Help and hope for an unexpected journey.
Do real Christians commit suicide? Yes, they do. And for those left behind, the journey following such a tragedy is unbearably painful. Finding Your Way after the Suicide of Someone You Love is a compassionate and practical guide that addresses the intensely personal issues of survivors of suicide (SOS). This gentle and faith-affirming resource helps survivors know what to expect, especially during the first year following a suicide. It includes personal stories of survivors and suggestions on how to move beyond survival to live life again. Designed for use by individuals, couples, and SOS groups, this book offers help for parents, siblings, friends, and extended families, as well as practical guidelines for pastors, Christian counselors, and other church leaders. Topics include:
©2009 David B. Biebel, Suzanne L. Foster (P)2011 Zondervan
Yes, I have already listened to it twice, right after my son's suicide and again at the four month mark. The book is point on as to the journey of a suicide survivor and has practical guidance for me on my journey.
When Bad Things Happen to Good People. Both books talk about your faith struggle after losing a child or loved one.
Excellent book and reference!
Christa Castro Matcham
The most help and realistic book I have come across since I lost my husband to suicide in February. Informative, sensitive, and able to reach people from all angles of this tragedy. So glad to have found it!!!
There is some good advice in this book, but if you aren't a devout Christian, you'll have to hold your nose through the preaching and sermons. I was offended when they preached that life is pointless without god.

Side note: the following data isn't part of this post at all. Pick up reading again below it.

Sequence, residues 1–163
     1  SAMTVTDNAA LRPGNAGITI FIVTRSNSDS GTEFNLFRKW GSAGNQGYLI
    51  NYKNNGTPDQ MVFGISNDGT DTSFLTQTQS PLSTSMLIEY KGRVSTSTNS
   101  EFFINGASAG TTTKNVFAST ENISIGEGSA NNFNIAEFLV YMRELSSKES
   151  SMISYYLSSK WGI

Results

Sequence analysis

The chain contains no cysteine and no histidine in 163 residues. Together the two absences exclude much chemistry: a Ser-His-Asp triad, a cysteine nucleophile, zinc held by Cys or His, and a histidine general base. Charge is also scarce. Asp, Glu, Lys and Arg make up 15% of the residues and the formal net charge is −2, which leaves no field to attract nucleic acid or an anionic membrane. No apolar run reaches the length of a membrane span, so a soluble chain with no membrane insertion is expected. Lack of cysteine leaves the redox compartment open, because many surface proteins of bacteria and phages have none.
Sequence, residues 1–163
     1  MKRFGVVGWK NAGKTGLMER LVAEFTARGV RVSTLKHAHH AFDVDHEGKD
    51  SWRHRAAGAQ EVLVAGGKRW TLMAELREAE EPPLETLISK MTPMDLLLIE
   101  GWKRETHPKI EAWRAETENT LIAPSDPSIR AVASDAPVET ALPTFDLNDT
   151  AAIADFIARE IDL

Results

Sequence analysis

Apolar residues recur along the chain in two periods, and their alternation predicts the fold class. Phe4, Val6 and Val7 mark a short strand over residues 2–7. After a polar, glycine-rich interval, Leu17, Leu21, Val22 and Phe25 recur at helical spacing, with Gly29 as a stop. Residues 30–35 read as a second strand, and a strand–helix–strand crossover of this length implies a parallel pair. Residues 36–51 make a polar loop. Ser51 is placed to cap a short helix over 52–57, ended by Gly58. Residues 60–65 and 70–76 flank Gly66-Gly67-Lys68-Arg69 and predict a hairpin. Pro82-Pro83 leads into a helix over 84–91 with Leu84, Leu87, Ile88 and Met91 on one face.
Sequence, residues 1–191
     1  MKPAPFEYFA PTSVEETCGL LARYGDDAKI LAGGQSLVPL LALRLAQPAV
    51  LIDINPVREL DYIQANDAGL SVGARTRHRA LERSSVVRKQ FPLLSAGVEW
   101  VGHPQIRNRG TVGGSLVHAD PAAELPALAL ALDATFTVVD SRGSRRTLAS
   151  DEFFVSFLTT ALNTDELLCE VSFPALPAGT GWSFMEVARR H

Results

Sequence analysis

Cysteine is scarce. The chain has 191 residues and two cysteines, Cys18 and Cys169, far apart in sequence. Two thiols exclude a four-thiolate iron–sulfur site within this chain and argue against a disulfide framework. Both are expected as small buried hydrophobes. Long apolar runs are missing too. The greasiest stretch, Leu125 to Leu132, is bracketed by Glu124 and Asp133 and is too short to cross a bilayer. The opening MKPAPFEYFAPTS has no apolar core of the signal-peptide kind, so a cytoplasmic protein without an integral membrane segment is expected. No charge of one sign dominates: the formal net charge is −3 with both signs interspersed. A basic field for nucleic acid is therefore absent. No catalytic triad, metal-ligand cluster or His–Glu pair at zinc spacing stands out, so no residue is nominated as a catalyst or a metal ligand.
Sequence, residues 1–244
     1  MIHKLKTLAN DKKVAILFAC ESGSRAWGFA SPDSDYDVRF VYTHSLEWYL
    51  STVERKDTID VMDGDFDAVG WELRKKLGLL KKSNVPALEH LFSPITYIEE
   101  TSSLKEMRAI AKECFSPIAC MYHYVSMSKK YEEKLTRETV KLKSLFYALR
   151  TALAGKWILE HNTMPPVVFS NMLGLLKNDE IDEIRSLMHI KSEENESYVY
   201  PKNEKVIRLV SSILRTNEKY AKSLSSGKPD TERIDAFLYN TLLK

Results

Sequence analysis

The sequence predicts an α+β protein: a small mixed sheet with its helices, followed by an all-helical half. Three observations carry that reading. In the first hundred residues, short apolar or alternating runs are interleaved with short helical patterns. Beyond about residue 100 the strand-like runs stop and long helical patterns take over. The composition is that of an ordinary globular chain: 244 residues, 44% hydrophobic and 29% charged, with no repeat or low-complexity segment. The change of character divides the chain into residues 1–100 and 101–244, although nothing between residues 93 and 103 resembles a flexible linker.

The Pricing Guy
Dealing with the suicide of someone you love is about as awful a situation as anyone might find themselves in. I read this to help a friend who's son committed suicide. This book really is outstanding at describing all of the manifestations and impacts of the suicide on a persons life and steps to walk through it. These are much broader than you might imagine. It is written from a Christian perspective, but the authors are not too heavy handed about it. I am an atheist, and mostly it was fine. I recommend the book to anyone with the misfortune of finding themselves or someone they care about in this situation. If you do, my heart goes out to you.
This was the second book I read on this topic. It has a Christian flare, but not extremely so, so there is no preaching.
I felt the experiences and, in essence, advice were good and understandable. Since the authors, unfortunately, experienced this themselves, they have a clear personal knowledge of the whole experience.
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